NOLA resident Scott Allen Perry wanted a deck that would be low-cost and easy. DIY-ing it, then, was the way to go.
Perry wisely kept the dimensions at 16' by 16' to maximize every inch of the 16-foot long 4x4 framing beams. Even better, he ran 2x4s throughout the field as deck board supports: far... cheaper and easier to work with than the big 2x10s used in larger, higher decks.
He kept costs low again by using pressure treated lumber (stained cedar color) as his deck boards. PT lumber is just about the most cost-effective way you can top a deck.Continue to 3 of 10 below.
03 of 10
Backyard Beach Paradise
Blogger Redhead Fox had a clear vision of what she wanted, and though she was located far from water, what she really wanted was a slice of tropical paradise.
She located a level section on her lawn (coincidentally next to the swimming pool), rolled out weed block fabric, and then painted and laid down 20 wood pallets–no supports, just straight down on the fabric.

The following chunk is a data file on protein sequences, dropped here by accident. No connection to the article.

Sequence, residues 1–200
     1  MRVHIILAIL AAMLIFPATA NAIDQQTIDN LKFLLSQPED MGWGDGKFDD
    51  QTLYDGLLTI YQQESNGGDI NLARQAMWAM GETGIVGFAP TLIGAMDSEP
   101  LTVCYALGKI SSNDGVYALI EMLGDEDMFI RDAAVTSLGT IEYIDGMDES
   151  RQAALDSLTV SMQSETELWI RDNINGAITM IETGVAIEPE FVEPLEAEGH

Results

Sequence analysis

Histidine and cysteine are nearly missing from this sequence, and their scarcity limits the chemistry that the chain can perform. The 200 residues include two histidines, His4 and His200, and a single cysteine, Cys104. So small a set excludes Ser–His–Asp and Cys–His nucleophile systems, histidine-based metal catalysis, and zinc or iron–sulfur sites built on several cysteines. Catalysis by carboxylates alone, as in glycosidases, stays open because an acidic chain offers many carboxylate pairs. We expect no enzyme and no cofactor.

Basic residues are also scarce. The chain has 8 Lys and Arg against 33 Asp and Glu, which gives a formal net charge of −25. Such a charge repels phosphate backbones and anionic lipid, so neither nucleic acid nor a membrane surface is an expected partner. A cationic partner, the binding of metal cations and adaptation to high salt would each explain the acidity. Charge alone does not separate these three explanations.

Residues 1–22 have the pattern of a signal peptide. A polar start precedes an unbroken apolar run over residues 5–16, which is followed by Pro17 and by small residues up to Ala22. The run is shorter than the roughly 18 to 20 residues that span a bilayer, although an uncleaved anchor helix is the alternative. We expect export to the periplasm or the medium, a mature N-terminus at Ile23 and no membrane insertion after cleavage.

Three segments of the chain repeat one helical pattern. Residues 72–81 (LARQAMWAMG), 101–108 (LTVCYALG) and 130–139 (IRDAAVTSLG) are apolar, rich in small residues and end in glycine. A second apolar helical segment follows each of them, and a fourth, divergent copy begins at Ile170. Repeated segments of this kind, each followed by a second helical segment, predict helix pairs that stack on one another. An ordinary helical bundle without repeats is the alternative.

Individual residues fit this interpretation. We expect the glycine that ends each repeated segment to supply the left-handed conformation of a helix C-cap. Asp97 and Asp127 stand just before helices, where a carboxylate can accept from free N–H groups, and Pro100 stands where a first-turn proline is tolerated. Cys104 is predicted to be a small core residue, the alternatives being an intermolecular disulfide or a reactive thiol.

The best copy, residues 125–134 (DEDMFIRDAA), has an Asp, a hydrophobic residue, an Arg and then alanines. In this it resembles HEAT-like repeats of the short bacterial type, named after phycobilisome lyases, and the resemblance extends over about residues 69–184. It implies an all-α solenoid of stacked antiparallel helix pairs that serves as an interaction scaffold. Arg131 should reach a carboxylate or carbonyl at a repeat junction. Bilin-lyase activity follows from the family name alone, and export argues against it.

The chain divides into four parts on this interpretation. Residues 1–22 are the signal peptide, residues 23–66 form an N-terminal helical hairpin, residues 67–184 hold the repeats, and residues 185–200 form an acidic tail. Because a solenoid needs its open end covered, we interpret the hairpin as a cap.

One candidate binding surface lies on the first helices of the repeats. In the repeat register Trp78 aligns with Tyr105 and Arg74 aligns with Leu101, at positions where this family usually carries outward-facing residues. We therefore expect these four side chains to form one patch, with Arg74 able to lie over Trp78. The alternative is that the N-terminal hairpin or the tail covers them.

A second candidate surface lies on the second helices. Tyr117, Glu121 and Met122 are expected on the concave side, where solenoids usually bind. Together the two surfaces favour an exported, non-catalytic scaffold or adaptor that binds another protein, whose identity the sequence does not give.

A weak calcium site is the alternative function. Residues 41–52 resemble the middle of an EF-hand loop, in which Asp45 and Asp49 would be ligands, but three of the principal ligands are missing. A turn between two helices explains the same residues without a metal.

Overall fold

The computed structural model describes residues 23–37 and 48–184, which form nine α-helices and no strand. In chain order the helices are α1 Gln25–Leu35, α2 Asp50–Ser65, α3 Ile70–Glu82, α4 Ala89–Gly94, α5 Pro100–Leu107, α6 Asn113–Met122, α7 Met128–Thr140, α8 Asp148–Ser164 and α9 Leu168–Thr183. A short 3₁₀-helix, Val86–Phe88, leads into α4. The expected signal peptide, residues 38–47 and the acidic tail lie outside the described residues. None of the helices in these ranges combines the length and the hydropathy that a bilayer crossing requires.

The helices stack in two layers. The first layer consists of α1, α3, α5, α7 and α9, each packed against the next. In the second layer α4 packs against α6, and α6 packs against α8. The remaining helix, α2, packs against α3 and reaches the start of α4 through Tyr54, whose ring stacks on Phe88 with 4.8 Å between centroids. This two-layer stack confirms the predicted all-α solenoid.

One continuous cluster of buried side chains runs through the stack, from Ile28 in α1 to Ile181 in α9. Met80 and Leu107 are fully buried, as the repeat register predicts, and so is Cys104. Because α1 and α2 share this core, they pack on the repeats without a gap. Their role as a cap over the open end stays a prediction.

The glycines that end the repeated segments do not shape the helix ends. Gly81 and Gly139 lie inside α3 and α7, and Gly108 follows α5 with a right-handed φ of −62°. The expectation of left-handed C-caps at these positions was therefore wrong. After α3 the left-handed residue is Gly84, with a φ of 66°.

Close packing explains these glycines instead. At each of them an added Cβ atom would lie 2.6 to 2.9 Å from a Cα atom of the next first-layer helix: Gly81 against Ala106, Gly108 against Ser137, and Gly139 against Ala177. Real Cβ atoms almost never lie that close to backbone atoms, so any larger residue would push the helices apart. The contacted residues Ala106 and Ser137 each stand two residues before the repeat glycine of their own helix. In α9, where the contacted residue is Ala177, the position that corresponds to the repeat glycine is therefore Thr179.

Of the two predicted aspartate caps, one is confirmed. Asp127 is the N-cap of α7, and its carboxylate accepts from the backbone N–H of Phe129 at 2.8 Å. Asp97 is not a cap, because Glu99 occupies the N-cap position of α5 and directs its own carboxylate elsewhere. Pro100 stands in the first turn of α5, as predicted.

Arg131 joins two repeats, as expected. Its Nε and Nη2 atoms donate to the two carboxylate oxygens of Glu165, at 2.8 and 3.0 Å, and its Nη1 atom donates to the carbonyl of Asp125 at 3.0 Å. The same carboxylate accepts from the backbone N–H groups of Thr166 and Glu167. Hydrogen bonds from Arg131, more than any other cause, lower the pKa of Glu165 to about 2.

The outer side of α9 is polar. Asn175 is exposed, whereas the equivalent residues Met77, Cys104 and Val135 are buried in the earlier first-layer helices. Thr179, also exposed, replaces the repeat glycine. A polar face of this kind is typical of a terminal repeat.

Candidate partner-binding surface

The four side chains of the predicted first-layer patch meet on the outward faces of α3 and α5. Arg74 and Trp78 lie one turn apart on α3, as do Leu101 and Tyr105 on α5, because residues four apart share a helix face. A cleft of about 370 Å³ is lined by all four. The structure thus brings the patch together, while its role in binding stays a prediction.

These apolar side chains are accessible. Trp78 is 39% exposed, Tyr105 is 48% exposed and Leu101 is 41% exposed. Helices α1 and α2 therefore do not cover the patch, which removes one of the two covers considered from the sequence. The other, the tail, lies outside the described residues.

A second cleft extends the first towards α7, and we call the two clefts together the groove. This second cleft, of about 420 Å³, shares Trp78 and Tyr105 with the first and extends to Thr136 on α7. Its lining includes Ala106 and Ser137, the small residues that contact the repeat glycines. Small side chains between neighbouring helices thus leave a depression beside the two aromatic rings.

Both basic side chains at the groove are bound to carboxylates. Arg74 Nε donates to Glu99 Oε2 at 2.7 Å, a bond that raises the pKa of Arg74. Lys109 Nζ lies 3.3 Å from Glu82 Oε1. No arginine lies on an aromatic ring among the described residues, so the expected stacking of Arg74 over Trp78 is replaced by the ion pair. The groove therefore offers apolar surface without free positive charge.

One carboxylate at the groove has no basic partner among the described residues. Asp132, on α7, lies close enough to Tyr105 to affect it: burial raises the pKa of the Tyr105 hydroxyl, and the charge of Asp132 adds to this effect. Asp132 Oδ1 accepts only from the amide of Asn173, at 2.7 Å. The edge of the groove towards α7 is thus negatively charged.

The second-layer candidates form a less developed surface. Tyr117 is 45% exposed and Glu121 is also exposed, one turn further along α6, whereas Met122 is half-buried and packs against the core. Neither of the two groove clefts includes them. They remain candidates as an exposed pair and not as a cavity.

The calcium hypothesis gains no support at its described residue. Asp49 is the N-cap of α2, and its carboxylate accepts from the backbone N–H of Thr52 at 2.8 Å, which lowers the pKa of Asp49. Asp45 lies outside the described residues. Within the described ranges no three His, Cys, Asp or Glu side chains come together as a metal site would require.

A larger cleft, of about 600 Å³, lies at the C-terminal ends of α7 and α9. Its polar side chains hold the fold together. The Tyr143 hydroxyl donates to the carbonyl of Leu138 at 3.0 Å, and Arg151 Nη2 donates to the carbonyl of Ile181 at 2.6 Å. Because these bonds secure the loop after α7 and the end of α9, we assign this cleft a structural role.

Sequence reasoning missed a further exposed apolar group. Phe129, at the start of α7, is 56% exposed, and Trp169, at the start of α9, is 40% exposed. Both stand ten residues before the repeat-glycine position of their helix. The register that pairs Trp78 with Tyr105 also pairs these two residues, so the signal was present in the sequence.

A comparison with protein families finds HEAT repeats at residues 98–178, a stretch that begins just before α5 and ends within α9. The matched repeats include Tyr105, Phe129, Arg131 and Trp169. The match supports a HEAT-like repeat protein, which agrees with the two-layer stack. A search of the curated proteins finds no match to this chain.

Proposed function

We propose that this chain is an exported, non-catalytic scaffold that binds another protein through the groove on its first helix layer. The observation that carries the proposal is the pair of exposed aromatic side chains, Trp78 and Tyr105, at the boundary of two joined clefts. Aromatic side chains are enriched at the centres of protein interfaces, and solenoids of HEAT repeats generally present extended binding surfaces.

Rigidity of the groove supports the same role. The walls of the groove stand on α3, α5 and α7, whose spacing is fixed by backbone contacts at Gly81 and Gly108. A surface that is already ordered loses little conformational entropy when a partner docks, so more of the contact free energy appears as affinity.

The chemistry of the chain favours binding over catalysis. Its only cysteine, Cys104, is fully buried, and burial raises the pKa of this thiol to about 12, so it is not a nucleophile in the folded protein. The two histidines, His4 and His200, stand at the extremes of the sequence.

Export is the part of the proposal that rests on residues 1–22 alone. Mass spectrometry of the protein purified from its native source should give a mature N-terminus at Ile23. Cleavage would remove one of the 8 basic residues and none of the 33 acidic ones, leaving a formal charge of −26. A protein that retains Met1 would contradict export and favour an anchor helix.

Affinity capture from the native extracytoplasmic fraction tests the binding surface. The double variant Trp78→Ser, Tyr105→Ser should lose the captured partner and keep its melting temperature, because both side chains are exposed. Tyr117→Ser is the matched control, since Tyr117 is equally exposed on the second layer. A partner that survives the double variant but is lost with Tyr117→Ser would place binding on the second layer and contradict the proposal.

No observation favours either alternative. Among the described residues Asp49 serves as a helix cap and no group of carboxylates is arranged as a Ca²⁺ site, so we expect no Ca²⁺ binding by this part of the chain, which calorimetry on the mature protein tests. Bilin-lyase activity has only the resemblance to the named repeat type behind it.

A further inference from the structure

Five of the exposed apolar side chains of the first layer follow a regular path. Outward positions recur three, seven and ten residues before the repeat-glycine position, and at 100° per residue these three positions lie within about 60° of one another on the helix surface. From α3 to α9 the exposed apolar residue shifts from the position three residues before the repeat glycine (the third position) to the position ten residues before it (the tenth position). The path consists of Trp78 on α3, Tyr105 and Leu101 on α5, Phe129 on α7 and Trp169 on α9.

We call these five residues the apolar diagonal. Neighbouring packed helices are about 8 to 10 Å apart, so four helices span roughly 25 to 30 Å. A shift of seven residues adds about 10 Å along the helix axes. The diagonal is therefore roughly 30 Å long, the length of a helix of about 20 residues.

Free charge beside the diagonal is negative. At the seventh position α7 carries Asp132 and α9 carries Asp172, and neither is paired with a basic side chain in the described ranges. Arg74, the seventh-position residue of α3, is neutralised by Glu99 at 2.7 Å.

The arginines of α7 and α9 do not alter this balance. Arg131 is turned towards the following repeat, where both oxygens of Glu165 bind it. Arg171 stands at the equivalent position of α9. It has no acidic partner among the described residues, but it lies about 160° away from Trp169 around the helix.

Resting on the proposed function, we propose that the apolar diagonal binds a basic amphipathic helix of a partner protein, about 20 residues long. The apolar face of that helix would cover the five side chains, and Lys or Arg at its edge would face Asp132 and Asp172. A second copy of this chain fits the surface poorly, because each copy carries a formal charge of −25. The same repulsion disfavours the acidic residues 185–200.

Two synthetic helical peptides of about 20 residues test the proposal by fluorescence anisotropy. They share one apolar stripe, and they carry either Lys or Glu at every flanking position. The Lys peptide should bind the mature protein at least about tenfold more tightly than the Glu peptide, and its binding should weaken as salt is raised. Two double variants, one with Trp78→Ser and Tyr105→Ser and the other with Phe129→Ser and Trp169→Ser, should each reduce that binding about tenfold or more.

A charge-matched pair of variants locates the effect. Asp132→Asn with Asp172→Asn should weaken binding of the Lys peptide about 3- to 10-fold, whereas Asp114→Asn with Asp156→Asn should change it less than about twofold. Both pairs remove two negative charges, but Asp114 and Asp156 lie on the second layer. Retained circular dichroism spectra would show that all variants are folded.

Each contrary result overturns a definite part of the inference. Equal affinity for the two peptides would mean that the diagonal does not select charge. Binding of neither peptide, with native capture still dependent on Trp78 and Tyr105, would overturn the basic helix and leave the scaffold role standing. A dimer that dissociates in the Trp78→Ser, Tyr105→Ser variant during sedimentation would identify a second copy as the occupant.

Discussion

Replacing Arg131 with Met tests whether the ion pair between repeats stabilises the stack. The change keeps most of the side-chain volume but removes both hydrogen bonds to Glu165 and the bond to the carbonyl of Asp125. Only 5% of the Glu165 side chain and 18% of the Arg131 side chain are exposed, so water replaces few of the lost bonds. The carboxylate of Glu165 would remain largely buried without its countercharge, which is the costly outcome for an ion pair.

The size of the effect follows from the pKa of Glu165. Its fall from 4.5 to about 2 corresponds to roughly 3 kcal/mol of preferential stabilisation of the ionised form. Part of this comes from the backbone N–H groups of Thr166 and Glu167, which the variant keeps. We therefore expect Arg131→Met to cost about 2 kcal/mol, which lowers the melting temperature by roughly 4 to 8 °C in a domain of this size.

But she didn't stop there–another 23 pallets were recruited to form benches, a table and a fence.Continue to 4 of 10 below.
04 of 10
Decking Out Your Budget
Laura, over at consumer finance blog My Shiny Nickels, is motivated to hold onto as many of her nickels as possible. Should frugality run contrary to life's basic luxuries? Laura said no.
She and her husband Randy decided that, yes, they did want a beautiful backyard deck but, no, they did not want to pay the estimated $8,000 for a contractor-built one.
For only $1,600, they did the deck themselves, creating a paradise out of a barren, dusty backyard. They saved so much money that they were... able to add fun accoutrements like a pergola, stairs and hammock.Continue to 5 of 10 below.
05 of 10
Having children, Sherrana over at the blog Needles and Nails knows that kids are constantly on the move. Why give the kids one set of stairs for the deck when stairs can form the entire perimeter of your deck?
She and her husband used over 30 stair stringers to create the base for treads and risers around their backyard deck. These 3-step stringers are found at most home improvement stores–pre-cut and ready to be installed.Continue to 6 of 10 below.